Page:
Q&A: Designing the office of the future

By Christie Nicholson | November 2, 2012, 4:00 AM PDT

Technology has changed every part of our day-to-day lives. We’ve heard it a hundred times. And a big shift caused by rapidly changing technology has been, of course, in our work spaces. Or rather the emerging lack of a permanent work space. The first major shift to a flexible office environment was the creation of the cubicle in the 1960s. But now many designers have been re-thinking the cubicle’s design, including entirely open-office designs as well as more mobile office spaces. Still, many designers might think that design is enough, meaning let’s change the layout and the design of furniture and then the way we work and how well we work, will change for the better too.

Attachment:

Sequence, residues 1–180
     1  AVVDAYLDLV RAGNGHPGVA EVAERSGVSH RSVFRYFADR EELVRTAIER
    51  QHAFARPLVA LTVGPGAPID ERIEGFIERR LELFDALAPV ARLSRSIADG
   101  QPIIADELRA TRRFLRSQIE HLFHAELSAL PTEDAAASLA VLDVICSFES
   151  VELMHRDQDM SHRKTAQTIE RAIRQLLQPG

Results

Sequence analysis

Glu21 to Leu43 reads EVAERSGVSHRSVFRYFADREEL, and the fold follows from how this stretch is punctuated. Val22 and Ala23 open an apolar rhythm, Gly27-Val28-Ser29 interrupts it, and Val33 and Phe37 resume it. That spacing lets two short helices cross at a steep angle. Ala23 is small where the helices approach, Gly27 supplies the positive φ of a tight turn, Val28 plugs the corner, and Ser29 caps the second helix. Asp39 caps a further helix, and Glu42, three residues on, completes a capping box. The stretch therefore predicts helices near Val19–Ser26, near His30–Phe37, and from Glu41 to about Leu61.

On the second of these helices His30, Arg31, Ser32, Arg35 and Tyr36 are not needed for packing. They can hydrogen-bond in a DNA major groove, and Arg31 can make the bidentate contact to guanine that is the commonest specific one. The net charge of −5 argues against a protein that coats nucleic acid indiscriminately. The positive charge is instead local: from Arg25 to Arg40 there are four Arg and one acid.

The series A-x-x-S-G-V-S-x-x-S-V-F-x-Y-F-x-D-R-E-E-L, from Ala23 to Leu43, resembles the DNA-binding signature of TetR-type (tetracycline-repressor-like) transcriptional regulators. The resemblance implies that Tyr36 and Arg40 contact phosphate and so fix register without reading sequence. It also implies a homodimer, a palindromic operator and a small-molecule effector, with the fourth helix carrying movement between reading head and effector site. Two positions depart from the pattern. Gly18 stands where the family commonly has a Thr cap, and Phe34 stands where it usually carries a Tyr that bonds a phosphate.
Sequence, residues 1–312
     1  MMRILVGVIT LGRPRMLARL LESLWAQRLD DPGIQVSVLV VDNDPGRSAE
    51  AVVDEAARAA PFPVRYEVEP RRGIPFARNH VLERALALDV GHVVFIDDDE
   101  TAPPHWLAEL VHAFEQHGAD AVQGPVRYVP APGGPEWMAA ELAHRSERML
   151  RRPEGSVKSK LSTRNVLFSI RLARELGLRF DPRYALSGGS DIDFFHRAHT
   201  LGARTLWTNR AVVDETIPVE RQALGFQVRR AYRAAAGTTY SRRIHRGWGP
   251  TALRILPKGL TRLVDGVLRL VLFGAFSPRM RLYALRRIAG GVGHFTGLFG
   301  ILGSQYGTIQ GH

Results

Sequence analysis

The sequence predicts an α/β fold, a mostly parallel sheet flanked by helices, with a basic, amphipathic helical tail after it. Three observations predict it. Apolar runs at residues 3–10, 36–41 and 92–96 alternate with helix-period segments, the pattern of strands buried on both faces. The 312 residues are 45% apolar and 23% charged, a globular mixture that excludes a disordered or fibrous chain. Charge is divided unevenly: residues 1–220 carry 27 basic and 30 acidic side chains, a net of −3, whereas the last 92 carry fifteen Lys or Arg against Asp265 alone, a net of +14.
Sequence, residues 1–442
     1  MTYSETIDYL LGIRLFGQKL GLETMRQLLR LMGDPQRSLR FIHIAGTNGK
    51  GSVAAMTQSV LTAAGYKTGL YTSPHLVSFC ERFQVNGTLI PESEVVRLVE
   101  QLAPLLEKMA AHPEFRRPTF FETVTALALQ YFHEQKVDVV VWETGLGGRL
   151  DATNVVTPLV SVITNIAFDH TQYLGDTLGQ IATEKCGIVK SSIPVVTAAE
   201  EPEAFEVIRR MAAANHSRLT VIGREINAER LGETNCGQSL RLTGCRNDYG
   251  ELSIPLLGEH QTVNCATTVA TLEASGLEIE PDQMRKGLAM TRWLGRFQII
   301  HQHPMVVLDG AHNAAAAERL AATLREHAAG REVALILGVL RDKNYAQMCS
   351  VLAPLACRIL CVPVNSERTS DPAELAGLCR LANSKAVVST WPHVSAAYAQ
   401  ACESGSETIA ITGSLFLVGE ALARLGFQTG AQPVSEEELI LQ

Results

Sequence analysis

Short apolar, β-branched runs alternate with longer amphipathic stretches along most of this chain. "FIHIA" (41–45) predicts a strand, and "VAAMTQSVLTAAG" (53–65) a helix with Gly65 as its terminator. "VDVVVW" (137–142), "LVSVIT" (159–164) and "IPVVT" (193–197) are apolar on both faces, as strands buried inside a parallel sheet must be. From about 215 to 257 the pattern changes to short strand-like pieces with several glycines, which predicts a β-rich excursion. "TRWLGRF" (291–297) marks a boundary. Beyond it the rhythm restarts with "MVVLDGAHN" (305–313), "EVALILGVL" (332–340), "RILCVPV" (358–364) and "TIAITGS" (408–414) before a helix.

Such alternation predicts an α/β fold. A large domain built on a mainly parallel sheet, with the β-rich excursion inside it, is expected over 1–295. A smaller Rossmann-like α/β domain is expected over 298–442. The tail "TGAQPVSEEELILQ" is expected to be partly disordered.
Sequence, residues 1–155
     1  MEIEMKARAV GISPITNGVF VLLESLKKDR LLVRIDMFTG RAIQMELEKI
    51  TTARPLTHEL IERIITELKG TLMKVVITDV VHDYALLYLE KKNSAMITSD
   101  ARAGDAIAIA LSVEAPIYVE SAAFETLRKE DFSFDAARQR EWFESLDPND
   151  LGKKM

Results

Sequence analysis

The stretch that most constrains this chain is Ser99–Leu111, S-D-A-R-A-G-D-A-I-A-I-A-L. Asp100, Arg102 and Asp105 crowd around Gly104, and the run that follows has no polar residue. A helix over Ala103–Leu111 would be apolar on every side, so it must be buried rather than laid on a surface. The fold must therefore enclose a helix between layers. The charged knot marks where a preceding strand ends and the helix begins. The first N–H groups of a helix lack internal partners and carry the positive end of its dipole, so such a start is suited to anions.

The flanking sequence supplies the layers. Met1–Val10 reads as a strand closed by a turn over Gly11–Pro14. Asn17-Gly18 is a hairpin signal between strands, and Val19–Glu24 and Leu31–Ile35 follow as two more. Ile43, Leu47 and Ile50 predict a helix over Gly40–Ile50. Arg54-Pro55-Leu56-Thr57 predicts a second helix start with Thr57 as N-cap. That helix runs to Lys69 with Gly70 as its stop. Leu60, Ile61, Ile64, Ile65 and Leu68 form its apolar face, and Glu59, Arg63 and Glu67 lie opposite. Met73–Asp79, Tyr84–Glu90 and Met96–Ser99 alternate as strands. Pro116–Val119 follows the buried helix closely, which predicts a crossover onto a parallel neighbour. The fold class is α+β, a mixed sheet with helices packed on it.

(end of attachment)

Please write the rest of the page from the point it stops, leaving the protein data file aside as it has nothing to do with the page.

Allison Arieff, the editor and content strategist for the urban planning think tank SPUR, believes this is not the way it ought to be done. She holds that most office workers would happily give up a new natural lighting system for a better health care program or an ability to work from home more often. For Arieff redesigning the cubicle is not the way to reset the culture of work.

SmartPlanet caught up with Arieff at her home office to talk about the future of office space and the trends that start first with examining how people work today, and then lead to changes that support our new domain.

Read more: Q&A: Designing the office of the future | SmartPlanet.

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